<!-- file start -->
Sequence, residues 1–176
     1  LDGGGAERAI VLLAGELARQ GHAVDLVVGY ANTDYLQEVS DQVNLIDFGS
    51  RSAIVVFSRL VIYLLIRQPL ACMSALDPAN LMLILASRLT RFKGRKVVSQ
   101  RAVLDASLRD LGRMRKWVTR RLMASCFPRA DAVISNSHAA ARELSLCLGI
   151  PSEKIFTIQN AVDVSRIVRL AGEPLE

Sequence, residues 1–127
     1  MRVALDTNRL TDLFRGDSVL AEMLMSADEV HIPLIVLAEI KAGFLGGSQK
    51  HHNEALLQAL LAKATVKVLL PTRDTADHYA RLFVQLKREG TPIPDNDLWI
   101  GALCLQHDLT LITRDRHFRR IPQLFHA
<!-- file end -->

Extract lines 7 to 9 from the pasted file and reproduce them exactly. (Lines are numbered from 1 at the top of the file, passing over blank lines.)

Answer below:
     1  MRVALDTNRL TDLFRGDSVL AEMLMSADEV HIPLIVLAEI KAGFLGGSQK
    51  HHNEALLQAL LAKATVKVLL PTRDTADHYA RLFVQLKREG TPIPDNDLWI
   101  GALCLQHDLT LITRDRHFRR IPQLFHA